Kelenic was a rising prospect in the Mets system before they dealt him in the infamous Robinson Cano/Edwin Diaz trade. During his first season with the Mets, he slashed.286/.371/.468 at only 18-years old. In 2019, he set the bar even higher, hitting .291/.364/.540 with 23 homers and 31 doubles between A, A+, and AA. Kelenic is the 11th overall prospect in baseball, according to, and each day the trade stings the Mets more.

2017: David Peterson, Pitcher (20th Overall, University of Oregon)

Peterson is currently the 10th ranked prospect in the Mets system. He was on track to pitch in Triple-A during the 2020 season. There were also talks of bringing him up to supplement the lack of rotation depth. With Binghamton last season, he had a 4.19 ERA in 24 starts with 122 strikeouts. At his highest potential, Peterson projects to pitch in the middle of the rotation.

2016: Justin Dunn, Pitcher (19th Overall, Boston College)

Dunn was also part of the Kelenic trade to the Seattle Mariners. After two good seasons in Double-A during 2018 and 2019, he earned an opportunity to pitch for the M’s. They used him as an opener during his four 2019 outings. After allowing two runs in his debut, his next three opens were all scoreless.

2016: Anthony Kay, Pitcher (31st Overall, University of Connecticut)

Kay underwent Tommy John Surgery before he ever threw a pitch for the Mets. He understandably did not pitch to his full potential during his first season in professional ball. Kay had a 4.26 ERA over 122.2 innings but averaged about one strikeout per inning. During a stellar 2019 season in Double-A, the Mets moved him to Triple-A, where he struggled. They traded him to the Toronto Blue Jays for Marcus Stroman, and he made his MLB debut in 2019. Kay had a 5.79 ERA over three outings but should be an excellent addition to a young Blue Jays roster.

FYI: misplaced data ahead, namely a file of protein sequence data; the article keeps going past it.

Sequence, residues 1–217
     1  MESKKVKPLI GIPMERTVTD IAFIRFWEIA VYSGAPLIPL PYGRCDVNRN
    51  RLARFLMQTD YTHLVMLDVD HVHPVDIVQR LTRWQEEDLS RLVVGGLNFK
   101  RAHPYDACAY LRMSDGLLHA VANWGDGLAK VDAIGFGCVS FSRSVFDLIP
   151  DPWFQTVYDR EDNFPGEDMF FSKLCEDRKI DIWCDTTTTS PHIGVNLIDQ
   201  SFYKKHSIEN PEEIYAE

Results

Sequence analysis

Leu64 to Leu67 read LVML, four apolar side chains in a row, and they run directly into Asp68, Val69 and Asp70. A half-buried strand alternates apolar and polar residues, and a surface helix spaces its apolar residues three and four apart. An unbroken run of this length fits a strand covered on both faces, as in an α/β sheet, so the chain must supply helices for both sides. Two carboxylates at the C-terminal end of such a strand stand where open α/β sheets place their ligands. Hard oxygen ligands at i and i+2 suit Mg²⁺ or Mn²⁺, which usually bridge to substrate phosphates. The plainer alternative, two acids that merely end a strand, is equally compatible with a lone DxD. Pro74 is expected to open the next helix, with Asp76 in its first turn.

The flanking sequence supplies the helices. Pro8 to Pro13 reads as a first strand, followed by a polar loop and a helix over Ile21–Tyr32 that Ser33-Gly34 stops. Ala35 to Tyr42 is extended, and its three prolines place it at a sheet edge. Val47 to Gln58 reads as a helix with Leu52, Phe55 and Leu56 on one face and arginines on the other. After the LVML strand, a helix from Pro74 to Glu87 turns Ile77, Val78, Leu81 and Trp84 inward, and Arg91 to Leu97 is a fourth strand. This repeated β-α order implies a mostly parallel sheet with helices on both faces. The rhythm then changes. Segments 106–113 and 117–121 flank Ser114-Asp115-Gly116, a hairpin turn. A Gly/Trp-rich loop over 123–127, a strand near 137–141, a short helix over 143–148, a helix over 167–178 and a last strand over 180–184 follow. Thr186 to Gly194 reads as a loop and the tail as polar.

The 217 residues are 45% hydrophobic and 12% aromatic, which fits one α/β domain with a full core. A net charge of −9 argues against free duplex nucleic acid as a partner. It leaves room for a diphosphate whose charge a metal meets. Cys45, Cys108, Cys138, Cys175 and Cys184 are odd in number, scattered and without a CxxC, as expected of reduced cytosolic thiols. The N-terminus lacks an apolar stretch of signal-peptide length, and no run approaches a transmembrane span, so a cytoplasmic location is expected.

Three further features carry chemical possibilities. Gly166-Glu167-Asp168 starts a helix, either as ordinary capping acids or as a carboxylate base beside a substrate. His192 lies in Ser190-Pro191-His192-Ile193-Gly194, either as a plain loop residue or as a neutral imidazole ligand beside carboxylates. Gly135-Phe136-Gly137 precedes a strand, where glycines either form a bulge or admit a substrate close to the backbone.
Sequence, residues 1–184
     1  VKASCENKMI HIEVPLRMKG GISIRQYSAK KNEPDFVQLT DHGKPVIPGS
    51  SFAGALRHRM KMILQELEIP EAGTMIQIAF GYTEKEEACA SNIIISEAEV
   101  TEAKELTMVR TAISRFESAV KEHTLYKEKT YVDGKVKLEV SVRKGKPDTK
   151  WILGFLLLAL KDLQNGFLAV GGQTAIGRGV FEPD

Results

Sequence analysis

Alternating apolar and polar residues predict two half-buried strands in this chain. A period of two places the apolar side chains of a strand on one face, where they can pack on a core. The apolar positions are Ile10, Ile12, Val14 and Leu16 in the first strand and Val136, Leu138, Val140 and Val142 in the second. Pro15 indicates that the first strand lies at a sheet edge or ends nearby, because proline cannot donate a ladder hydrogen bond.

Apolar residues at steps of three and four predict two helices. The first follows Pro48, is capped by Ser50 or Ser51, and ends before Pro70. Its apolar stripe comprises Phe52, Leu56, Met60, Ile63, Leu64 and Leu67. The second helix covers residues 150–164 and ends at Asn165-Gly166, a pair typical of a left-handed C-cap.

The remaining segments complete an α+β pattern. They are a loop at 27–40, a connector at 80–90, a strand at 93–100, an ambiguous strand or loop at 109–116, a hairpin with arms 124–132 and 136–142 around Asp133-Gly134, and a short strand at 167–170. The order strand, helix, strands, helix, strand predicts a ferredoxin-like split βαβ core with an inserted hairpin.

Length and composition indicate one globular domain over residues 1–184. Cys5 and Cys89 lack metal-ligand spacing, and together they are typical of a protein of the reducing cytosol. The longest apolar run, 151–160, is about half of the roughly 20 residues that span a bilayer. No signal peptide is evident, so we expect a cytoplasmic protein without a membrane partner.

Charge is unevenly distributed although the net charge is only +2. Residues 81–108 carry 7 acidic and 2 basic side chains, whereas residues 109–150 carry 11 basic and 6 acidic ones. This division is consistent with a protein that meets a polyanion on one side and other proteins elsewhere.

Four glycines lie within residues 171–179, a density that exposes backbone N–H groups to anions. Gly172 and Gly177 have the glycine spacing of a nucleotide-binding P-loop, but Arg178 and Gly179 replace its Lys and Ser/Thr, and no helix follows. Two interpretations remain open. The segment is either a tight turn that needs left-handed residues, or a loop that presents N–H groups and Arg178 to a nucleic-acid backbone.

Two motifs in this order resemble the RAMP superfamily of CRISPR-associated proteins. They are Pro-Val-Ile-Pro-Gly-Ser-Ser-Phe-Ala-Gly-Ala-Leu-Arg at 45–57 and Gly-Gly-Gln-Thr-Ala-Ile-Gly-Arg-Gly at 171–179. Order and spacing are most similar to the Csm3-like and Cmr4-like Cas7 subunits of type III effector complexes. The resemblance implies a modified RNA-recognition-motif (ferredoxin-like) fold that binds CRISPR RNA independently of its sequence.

2015: No First Round Pick

2014: Michael Conforto, Outfielder (10th Overall, Oregon State University)

The Mets struck gold with Conforto. It only took 133 games for him to make it during the big leagues. He helped the Mets make it to the World Series in 2015 and became the fifth rookie to homer twice in a World Series game. After a rough 2016, which involved his demotion, he has produced in the last three seasons, including an All-Star selection. Conforto is hitting .257/.363/.492, averaging 29 homers, 81 RBIs and plays all three outfield positions.

2013: Dominic Smith, First Base (11th Overall, Serra High School)

Smith has overcome plenty to become a contributing member of the Mets. He was on track for stardom after hitting over .300 throughout the minors. Dealing with sleep apnea, injuries, and weight issues caused a stunt to his journey of becoming a solid big leaguer. In 2019, all three points were no longer problems, and it allowed him to have his best season so far. His playing time tougher to find due to Pete Alonso at first base, but Smith showed the versatility to play the outfield as well.

2012: Gavin Cecchini, Shortstop (12th Overall, Barbe High School)

2012 was the only year where the Mets missed on a quality big league prospect. They had two first-round picks, and Cecchini was the first one. Known for his bat more than glove, it took a couple of years for him to figure things out at the plate. Two straight seasons above .300 in the minors earned him a 2016 promotion. Cecchini went 2-for-6 with a double and waited some time to return in 2017. He struggled with the bat, only hitting .208 but off Clayton Kershaw for the only one of his career. Cecchini remained stranded in the minors for the last two seasons and signed with the Arizona Diamondbacks before spring training. Unfortunately, he was released in May as teams across baseball were cutting players to save money.

2012: Kevin Plawecki, Catcher (35th Overall, Purdue University)